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Simpson’s paradox: a demographic case study about population dynamics, poverty and inequality


  • Raphael Mendonça Guimarães Fundação Oswaldo Cruz
  • Flavia Cristina Drumond Andrade University of Illinois at Urbana Champaign



Demography, Demographic Transition, Poverty, Iniquity, Development, Brazil


Brazil is experiencing a demographic transition marked by regional inequalities. It is possible to assume that aspects related to poverty, development and inequality can reverse the association effects of the demographic transition indicators, typifying a phenomenon known as Simpson's Paradox. The aim of this study was to analyze the effect of inequality, poverty, and social development on the Brazilian population dynamics, verifying the occurrence of Simpson's paradox in the demographic transition. Population data from the Brazilian Demographic Censuses from 1991 to 2010 were used, according to age in Brazil and federation units. The correlation between demographic indicators was evaluated, stratifying the units of the federation into groups according to social indicators. There is an advance of UFs in relation to social indicators, although heterogeneity persists. The transition has been occurring in all FUs, with the distance between them persisting, even though it has been decreasing over the years. Simpson's paradox was observed when the analysis was carried out according to the census year, and according to the social indicator, mainly for the year 1991. The main challenge is to understand how the Brazilian demographic dynamics can be analyzed and to understand how the contextual factors change its rhythm, quantum, and pattern.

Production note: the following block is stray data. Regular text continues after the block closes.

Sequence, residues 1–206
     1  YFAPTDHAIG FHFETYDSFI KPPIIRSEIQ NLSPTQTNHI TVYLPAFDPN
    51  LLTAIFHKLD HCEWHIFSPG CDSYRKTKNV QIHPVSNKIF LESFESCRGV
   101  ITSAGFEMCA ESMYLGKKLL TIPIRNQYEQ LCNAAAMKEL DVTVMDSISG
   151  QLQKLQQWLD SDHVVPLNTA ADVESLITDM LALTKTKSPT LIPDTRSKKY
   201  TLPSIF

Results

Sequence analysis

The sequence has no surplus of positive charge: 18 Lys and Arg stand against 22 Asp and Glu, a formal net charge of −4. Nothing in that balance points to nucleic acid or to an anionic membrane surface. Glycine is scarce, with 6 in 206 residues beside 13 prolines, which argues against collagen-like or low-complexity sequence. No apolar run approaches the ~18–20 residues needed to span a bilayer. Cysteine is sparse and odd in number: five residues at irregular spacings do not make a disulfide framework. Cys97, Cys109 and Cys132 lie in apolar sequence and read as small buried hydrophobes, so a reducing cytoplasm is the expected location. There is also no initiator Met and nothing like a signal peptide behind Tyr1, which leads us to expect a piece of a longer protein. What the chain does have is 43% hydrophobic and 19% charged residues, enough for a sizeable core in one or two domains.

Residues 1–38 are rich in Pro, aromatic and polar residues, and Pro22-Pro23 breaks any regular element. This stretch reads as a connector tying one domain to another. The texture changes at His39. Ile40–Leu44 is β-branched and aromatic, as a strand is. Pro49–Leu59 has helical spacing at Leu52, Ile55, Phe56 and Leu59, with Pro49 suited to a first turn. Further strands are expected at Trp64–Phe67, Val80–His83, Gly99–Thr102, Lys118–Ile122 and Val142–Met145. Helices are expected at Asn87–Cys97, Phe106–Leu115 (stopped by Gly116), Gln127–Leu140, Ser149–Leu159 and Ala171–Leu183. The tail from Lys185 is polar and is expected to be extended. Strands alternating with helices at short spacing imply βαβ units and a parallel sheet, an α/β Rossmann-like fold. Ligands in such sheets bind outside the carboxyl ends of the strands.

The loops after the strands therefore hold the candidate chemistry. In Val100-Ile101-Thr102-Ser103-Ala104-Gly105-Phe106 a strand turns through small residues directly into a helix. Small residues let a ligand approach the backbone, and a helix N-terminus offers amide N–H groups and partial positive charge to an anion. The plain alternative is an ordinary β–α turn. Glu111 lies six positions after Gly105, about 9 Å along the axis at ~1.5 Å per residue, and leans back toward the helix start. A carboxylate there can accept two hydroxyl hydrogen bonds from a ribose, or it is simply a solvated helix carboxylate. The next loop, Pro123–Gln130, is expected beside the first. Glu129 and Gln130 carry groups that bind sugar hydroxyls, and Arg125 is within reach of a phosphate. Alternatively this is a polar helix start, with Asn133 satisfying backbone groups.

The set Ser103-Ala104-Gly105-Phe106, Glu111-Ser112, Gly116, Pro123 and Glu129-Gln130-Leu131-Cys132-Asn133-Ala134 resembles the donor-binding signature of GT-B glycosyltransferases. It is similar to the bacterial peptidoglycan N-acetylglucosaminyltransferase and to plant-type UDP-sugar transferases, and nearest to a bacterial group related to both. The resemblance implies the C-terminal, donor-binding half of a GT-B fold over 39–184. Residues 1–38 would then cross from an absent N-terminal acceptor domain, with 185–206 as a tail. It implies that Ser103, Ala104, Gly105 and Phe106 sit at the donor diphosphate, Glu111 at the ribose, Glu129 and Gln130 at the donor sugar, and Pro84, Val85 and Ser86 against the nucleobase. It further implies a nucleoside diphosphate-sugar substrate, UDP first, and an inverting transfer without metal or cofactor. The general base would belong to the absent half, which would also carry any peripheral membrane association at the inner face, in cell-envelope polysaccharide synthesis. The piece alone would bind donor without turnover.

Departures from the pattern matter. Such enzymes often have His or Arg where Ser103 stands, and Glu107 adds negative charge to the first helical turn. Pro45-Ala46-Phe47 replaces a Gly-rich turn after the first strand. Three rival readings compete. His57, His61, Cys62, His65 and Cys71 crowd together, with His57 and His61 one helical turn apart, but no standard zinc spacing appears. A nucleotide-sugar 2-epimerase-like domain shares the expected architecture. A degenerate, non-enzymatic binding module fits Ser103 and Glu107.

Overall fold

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How to Cite

Guimarães, R. M., & Andrade, F. C. D. (2021). Simpson’s paradox: a demographic case study about population dynamics, poverty and inequality. In SciELO Preprints.


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